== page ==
Our morally superior post-ideological post-political friends at the No Labels organization seem really intent on getting Colorado Rep. Cory Gardner elected to the Senate.
The centrist advocacy group, founded in 2010 "to move America from the old politics of point-scoring toward a new politics of problem-solving," has obviously had zero success in that -- except in providing a modest amount of cover-by-association to politicians in unfriendly territory. Think Joe Manchin in West Virginia. He is a Democrat, but being a member of No Labels allows him to say that he is against political partisanship. And so on. Convenient.
No Labels found itself in an uncomfortable position over the summer when a confidential strategy memo prepared for its executive board leaked to the press. The document mentioned how Republican control of the Senate would present excellent business opportunities for No Labels.
“Should the balance of power in the U.S. Senate flip following the 2014 midterm elections and Republicans gain control, No Labels sees an opportunity to bridge the gap between Congress and the White House,” the document reads in its “Break Through Strategy” section. “With Republicans holding control of both chambers in Congress and a Democrat in the White House, the likelihood of gridlock will be higher than ever before.
“We have already begun back door conversations with Senate leaders to discuss this increasingly likely scenario,” the document continues.
As Yahoo also reported at the time, No Labels had poisoned its relationship with Democrats earlier this year when it decided to "support" Gardner over Sen. Mark Udall. That doesn't seem like much of a post-political problem-solving move so much as a means of helping Republicans gain control of the Senate. No Labels argued that the support wasn't an "endorsement," explaining that "any candidate could be backed by the group if they just agreed to be a member." Cory Gardner, meanwhile, went around telling everyone that he was endorsed by the important problem-solving group No Labels.
Now Real Clear Politics reports that No Labels "will actively support Rep. Cory Gardner in the final days of his challenge against Colorado Sen. Mark Udall." The group "will be staging independent Get Out The Vote efforts to support our Problem Solver members," like Cory Gardner. Again, though, it's not an "endorsement" per se, just backing a politician who's won the No Labels Seal of Approval. There really is a thing out there called the "No Labels Seal of Approval" that Gardner has but Udall doesn't:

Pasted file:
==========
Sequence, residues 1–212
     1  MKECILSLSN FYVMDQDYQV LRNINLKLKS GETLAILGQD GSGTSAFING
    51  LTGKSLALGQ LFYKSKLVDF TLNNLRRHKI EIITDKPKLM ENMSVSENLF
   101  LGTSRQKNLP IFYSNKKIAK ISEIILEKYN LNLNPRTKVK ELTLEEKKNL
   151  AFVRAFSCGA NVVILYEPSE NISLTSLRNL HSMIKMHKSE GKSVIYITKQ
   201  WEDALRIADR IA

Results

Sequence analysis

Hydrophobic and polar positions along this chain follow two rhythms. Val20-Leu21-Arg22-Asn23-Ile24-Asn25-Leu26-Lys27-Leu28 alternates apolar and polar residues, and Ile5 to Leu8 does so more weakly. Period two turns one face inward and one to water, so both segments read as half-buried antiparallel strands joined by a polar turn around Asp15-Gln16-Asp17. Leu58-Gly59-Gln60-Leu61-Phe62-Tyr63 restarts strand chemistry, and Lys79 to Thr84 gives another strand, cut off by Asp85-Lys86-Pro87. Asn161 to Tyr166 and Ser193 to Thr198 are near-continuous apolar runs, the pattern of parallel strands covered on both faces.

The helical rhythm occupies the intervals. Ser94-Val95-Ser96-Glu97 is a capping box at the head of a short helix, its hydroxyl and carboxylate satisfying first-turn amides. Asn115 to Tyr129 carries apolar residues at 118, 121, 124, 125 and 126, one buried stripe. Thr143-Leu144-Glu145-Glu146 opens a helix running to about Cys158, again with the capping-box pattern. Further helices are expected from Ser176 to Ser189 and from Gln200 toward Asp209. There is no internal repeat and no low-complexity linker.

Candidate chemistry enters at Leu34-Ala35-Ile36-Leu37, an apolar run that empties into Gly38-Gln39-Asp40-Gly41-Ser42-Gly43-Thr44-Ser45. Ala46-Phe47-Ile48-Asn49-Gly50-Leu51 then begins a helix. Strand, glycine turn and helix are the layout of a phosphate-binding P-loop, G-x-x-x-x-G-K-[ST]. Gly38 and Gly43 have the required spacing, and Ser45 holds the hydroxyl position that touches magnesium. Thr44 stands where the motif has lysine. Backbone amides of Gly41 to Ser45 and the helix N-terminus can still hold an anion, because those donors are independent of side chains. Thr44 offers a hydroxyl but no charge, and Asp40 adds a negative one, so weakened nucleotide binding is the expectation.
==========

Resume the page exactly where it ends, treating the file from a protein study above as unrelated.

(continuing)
“The No Labels Seal of Approval is awarded to members of the Problem Solvers Caucus who have worked across the political aisle and support a national strategic agenda of shared goals for the country,” said Mark McKinnon, a former adviser to George W. Bush and a No Labels co-founder. “We are happy to award the Seal to people running in the same race.”
Why doesn't Udall go get himself a shiny No Labels Seal of Approval? Doesn't he want to be in the Problem Solvers Caucus? Maybe he thinks it's stupid. (It's stupid.) At least on paper, it doesn't seem that hard to win a No Labels Seal of Approval. Here's the criteria from No Labels' website:
1. The Problem Solver Seal serves as recognition that the candidates endorse a process to create a National Strategic Agenda for the country where leaders of both parties agree to the following goals:
- Create 25 million new jobs over the next 10 years
- Secure Medicare and Social Security for another 75 years
- Balance the federal budget by 2030
- Make America energy secure by 2024
2. Be committed to working on at least one of the four goals.
3. Publicly state that they support the process for creating a National Strategic Agenda and the four goals in a press release and on their campaign website.
4. Work to solve problems in a bipartisan way.
5. Participate in annual review to sustain the seal.
Note: The seal can be revoked if No Labels deems there is behavior not befitting a problem solver. This is not an endorsement and cannot be advertised as such.
OK, so you have to say that you're "committed to working" on any one of these four bland goals. They're so hazy that I'm sure Mark Udall, being a sentient human, is committed to all four of them. Maybe he just didn't want to send out the dumb press release like No Labels requires you to do.
Or perhaps the Seal was revoked, or not granted in the first place, because Mark Udall showed "behavior not befitting a problem solver." As RCP describes it, Udall's campaign strategy has been "largely negative in tone and focused on depicting Gardner as radical and anti-women." As if Cory Gardner has run a campaign premised on sunshine flowers and Unicorn rainbows. If Udall's campaign can be boiled down to "Cory Gardner hates women," Gardner's would be "Mark Udall wants ISIS to kill all Coloradans." There's not a whole lot of inspiration to be found here.
What's especially strange about No Labels' insistence on terminating Udall's Senate career is that he does have bipartisan gravitas -- just not on an issue that No Labels deems important. There are plenty of other cookie-cutter Democrats out there who've done nothing. But Udall has been a leading voice on one of the few issues over the past couple of years that does corral a bipartisan coalition: surveillance reform. Udall, like Rand Paul, has been railing against NSA overreach both before and after the Edward Snowden disclosures. And he sits on the intelligence committee, where his rank would rise in the next Congress. He'd have significant sway on this issue that alarms segments of both the Democratic and Republican parties. That sounds like a significantly stronger qualification for the Problem Solvers Caucus than offering some rote babble about how you'll work to create a million bajillion jobs over the next 20 years by cutting Social Security or whatever.